The uncertainty raised in the previous paragraphs explains the dilemma but also points to the solution for those worried about a bubble. Our best guess is that most providers/owners are better off now with the investment and efficiency of a large entity. If the underlying business of anesthesia deteriorates, the smaller groups will be hurt more than the bigger ones. Even if the business falls apart, you will likely have fared better in a large company than on your own during a downturn (“popped bubble”).
In the end, I cannot say with certainty that we are in a practice valuation bubble. Bubbles tend to be impossible to predict. Are we saying you should sell now? Not necessarily. Just that you should think about it systematically and not run away because of fear. Start with a practice and risk assessment. Then you can choose among several options, which may or may not involve a sale of your practice.
The physician practice acquisition and optimization market continues in full force. Pain management practices are also in great demand and it’s important to understand the unique dynamics of this market. This is the first of a series of articles to discuss pain management. In this first article, Dr. Mandyam, an expert in pain management practice, discusses tips to optimize a pain management practice.
1. Know where to take your cases (posting in an office vs. ASC).
If you are partnered or have equity in an HOPD (Hospital Outpatient Department) or an ASC (Ambulatory Surgical Center), it is important to know where to schedule your cases. There can be a significant service differential in the fee schedule in an office based setting versus an ASC or HOPD. For example, in 2015, a two-level thoracic percutaneous kyphoplasty pays approximately $12,000 if done in an office-based setting. If this same procedure is done in a surgery center, your professional fee drops to about $735.00. Furthermore, reimbursement for multiple levels is bundled into a single payment for HOPDs and ASCs.
2. Negotiate your contracts with commercial payors
You do not simply have to accept the rates a commercial payor initially offers. Everything is negotiable. You may improve your odds of receiving better rates by enlisting in the services of a professional contract negotiator. Many of these professionals are former employees of commercial payers and have experience being on both sides of the table.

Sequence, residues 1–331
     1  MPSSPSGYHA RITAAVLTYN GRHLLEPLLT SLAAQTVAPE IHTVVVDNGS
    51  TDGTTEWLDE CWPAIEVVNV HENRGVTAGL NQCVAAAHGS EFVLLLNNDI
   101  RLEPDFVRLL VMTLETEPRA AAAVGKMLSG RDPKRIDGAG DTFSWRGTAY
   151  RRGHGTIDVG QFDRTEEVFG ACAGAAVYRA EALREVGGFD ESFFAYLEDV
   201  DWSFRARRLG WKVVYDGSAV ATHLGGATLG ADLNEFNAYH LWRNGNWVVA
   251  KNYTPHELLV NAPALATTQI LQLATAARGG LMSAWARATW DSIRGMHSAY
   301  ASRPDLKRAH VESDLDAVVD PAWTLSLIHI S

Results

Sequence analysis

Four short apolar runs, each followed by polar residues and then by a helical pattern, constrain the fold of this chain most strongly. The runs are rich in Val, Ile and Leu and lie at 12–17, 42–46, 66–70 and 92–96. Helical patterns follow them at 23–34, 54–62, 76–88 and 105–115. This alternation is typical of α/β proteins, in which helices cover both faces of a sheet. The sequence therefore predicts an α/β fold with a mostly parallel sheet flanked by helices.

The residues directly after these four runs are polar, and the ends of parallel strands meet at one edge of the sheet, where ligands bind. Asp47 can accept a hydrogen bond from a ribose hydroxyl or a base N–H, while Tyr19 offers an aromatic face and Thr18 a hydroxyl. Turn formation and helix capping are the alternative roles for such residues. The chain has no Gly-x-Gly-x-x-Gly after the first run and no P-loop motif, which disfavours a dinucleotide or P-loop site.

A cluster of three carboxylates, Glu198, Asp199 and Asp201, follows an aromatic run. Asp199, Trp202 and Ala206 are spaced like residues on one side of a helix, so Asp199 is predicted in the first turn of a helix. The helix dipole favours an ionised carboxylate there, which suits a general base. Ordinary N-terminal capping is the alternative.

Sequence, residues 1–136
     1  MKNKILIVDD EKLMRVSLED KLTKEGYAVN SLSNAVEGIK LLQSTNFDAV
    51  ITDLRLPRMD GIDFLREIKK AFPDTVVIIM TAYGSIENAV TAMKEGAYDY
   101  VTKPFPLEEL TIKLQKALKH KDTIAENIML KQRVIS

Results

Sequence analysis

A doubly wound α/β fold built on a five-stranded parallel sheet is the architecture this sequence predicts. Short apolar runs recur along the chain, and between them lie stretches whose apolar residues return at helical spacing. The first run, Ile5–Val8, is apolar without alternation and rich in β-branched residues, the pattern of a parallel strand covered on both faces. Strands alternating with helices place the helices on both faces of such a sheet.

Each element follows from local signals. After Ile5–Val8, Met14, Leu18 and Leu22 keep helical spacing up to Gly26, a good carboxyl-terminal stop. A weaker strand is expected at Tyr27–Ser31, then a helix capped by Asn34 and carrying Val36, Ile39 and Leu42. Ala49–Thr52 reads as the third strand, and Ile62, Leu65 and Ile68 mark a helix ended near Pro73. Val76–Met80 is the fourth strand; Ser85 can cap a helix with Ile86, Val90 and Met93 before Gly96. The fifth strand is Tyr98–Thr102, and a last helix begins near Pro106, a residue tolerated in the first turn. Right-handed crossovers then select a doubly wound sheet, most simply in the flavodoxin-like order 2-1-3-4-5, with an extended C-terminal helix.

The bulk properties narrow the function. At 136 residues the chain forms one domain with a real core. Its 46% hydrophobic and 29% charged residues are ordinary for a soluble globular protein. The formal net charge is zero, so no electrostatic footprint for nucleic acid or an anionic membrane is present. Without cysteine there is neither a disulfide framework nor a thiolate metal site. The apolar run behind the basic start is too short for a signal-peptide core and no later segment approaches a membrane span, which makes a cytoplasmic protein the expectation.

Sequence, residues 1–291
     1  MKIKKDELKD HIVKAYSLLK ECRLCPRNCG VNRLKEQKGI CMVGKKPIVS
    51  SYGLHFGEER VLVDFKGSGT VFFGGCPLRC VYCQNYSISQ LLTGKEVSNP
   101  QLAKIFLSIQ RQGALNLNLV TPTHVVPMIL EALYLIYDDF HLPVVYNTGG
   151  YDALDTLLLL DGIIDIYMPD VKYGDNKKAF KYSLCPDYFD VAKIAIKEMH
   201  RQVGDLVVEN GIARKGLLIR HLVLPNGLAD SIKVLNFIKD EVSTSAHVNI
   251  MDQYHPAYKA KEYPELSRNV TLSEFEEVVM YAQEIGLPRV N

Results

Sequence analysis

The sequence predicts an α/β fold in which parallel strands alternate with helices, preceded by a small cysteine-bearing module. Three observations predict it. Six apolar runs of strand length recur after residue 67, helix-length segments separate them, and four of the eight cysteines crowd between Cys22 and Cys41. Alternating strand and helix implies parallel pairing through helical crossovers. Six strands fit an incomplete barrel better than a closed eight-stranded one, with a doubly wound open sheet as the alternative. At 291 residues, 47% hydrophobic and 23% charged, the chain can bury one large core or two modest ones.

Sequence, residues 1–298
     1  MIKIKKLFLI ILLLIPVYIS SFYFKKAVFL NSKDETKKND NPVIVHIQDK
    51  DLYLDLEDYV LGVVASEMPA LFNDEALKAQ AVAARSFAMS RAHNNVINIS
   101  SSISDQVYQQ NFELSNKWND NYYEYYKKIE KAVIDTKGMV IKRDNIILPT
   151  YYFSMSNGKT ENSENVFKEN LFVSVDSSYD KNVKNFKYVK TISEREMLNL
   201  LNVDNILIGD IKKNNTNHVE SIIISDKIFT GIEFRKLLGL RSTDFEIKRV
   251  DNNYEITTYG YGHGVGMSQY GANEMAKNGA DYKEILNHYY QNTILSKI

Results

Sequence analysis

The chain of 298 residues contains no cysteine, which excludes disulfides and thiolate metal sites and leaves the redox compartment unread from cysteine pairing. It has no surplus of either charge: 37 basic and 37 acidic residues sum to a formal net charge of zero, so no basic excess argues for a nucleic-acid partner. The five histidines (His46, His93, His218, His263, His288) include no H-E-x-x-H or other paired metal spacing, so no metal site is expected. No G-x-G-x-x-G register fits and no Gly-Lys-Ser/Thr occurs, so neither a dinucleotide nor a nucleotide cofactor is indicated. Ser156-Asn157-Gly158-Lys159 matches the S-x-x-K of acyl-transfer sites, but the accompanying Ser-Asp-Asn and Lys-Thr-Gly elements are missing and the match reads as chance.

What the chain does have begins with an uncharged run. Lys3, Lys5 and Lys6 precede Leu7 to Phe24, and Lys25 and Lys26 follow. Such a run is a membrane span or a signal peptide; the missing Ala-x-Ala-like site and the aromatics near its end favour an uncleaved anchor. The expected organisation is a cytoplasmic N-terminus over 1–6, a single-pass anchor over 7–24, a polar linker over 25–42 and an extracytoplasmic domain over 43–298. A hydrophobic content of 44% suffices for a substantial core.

3. Focus on your return patient visits.
Although new patients are vital to practice growth, it is usually less expensive to retain an existing patient rather than seeing a new patient. If you calculate the cost of marketing, more overhead dollars are spent bringing in new patients rather than retaining existing ones. A healthy pain management practice should have a patient retention rate of above 75%. These patients may require monthly follow up visits especially if opioid medication management is offered. Use patient satisfaction surveys if needed to find out which areas of your practice are affecting patient retention and fix these issues ASAP. Please keep in mind return patient visits generate income for your ancillary services.
4. Don’t forget your existing referral sources.
When marketing in the community to secure new potential referral sources, do not forget to keep tabs on your existing referral base. Sometimes your referring physicians may want to provide you feedback from time to time, and the only way you will know is if you meet with them regularly. This also keeps your name fresh in their heads when they send out their pain management referral.
5. Establish a relationship with the local hospital system.
By taking a few of your procedures to the local hospital, you are effectively building your brand. The nurses and staff members who work with you will see for themselves the high level of care you provide your patients. The physician break room is also a great place to market your services to other referring physicians in between your cases. Many large hospital systems own primary care groups and can effectively “steer” their referrals to you based on how much revenue you generate for them in terms of facility charges for your cases and any incoming referrals for hospital ancillary services like imaging or labs. When starting a new practice, some hospital systems may offer you a physician support loan as well as free marketing services.
Sri Mandyam, M.D.